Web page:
BERKELEY — Barry Krisberg joined Berkeley Law's Center for Criminal Justice in January as a distinguished senior fellow and lecturer-in-residence. A well-known researcher and advocate for juvenile-justice reform, he served as president of the National Council on Crime and Delinquency for more than 25 years (1983-2009). Krisberg has been tapped by state governments and the U.S. Department of Justice to investigate and monitor aspects of the correctional system. He led the 2003 investigation in California of what is now the Division of Juvenile Justice. After the panel issued a devastating report, Krisberg was asked to help monitor state compliance with the resulting consent decree, a role he continues to play today.
Q.The public mood on crime and punishment appears to go in cycles. Where would you say we are today?
A. We're actually in a good place at the moment, I think. Crime is way down nationally and in California, and there isn't support for building new prisons or expanding corrections. Recent opinion polls show that the public opposes most cuts in public spending, but does support reductions in prison budgets. Our terrible financial crisis may be giving rise to smarter policies.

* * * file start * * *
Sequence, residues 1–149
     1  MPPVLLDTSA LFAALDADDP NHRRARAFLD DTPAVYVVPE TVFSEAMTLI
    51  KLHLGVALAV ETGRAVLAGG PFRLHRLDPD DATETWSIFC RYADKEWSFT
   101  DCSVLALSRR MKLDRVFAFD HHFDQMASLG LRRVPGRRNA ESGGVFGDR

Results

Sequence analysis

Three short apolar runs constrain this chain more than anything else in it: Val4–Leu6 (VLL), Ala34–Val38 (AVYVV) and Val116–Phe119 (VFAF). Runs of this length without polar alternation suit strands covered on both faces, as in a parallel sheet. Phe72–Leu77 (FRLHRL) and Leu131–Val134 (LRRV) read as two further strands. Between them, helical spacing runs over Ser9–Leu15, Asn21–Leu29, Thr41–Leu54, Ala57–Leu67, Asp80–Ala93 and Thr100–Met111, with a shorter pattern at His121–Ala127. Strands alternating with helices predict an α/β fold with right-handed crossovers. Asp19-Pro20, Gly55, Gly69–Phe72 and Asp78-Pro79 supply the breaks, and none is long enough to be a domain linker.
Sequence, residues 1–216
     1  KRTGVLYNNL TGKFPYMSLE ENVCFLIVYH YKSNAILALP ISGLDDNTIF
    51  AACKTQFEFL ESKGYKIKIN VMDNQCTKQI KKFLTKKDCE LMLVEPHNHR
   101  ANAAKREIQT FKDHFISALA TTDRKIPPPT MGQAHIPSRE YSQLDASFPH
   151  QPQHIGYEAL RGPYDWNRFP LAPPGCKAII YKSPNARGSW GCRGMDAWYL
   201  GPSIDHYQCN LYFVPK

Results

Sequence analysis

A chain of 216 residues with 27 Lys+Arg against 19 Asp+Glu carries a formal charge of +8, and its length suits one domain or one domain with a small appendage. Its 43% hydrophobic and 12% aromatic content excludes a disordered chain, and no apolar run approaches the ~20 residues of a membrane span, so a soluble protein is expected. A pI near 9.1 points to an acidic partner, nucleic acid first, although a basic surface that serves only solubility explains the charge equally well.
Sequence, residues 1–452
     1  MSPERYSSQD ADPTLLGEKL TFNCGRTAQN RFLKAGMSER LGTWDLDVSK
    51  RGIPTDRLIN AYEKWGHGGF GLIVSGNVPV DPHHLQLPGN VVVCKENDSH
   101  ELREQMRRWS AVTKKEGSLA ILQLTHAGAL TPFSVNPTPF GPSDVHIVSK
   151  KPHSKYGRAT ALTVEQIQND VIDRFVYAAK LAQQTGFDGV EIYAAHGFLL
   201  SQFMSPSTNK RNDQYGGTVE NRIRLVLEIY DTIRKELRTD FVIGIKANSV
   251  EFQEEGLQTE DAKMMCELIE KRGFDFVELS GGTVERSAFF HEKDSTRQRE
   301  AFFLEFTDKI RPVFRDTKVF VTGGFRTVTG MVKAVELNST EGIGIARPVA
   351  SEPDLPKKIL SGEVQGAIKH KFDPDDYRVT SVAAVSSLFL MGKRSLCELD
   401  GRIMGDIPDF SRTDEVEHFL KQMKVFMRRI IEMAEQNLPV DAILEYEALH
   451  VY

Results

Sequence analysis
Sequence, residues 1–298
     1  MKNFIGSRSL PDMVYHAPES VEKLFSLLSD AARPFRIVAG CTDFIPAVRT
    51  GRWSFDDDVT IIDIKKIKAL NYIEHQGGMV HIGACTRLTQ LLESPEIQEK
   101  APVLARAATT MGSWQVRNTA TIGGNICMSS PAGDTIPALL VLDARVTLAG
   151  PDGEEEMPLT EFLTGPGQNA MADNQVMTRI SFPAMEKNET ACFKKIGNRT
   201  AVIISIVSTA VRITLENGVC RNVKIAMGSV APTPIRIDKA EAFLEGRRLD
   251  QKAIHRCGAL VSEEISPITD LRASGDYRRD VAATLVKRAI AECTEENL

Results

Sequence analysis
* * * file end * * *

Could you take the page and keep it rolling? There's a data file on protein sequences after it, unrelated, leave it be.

For juvenile justice, it's an interesting time. Both nationwide and on the state level, the number of kids (ages 12 to 18) who are locked up is substantially down. In 2004 there were roughly 7,000 inmates in California's youth prisons; now there are about 1,400. There are fewer than 800 youth locked up in New York State today. Most of the major states are reducing the number of kids in custody.
Q.Is that because there are fewer kids in trouble? Or are the states coming up with alternatives to incarceration?
A. Fewer kids are being arrested, but also states are relying less on residential care and more on home-based alternatives — keeping kids at home with their families. Part of that is fiscal imperative: in California it now costs about $250,000 a year to lock up a young person in a youth prison. Around the country the figure is in the range of $175,000 to $200,000 a year.